Original JPEG from the Olympus E-P3 with 17mm fixed focal length lens of Oregano Wind Blur
Original JPEG image, Olympus E-P3 with 17mm Lens
1/8s @ f/22, ISO 200, Image Stabilization On

After that the rest is pretty much up to you. Try different compositions to see which ones are appealing and this is one time when it is perfectly fine to “chimp” (peek at your images on the LCD) since that is really the only way you can visualize the effect the wind is having on your image. Don’t be afraid to experiment. If you’re not getting enough blur then either try to time your shots with gusts of wind or reduce your shutter speed further. And of course the opposite applies if you’re seeing too much blur.

In my case I noticed that the larger leaves of the Oregano plants would move much further than the smaller ones, making some of the image appear sharp while the rest blurred. So I experimented with moving around to place the blown leaves in various parts of the frame. After 20 or 30 shots I had a few I liked well enough to play with later.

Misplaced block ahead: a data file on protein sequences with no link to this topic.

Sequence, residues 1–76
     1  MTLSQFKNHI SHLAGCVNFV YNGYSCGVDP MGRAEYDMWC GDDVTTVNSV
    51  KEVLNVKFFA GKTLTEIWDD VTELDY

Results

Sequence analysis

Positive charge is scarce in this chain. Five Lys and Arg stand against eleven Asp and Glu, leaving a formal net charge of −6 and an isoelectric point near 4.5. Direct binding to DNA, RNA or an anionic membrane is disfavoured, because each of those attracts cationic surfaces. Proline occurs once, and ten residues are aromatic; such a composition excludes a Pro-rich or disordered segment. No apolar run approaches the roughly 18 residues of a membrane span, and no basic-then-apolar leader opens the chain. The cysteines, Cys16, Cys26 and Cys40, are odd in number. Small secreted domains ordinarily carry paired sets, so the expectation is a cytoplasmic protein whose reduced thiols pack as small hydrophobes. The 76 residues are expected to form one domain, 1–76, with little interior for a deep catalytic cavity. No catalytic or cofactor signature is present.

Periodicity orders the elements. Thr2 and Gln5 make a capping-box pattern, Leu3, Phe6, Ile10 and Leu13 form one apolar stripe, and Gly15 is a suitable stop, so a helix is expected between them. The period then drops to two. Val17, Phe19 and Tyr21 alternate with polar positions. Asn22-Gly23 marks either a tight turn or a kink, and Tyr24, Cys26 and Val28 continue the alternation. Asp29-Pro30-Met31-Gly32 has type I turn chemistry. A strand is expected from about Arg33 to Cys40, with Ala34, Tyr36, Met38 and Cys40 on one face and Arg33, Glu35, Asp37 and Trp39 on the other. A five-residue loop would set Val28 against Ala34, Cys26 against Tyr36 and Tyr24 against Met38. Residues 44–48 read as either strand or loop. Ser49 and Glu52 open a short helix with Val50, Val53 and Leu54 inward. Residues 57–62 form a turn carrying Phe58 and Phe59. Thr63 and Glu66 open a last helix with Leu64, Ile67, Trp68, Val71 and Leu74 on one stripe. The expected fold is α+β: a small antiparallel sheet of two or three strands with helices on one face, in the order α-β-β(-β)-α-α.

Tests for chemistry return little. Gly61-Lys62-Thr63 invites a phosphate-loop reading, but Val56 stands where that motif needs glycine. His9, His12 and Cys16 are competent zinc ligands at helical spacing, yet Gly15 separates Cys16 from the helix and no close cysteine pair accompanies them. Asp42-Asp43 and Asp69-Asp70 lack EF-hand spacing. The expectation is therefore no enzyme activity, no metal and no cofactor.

Processing Your Images

The original image processed using the Olympus E-P3’s built-in “Pop-art” filter
(accomplished by running the filter on the Olympus Raw file)

You can have a lot of fun with wind blurs simply using the shooting modes on your camera. It is a perfect time to experiment with Vivid or Landscape or in the case of the Olympus which packs a host of “ART” filters, Pop Art worked quite well for flowers. But if you prefer the added flexibility of fiddling after the fact that is easy enough to accomplish in Photoshop.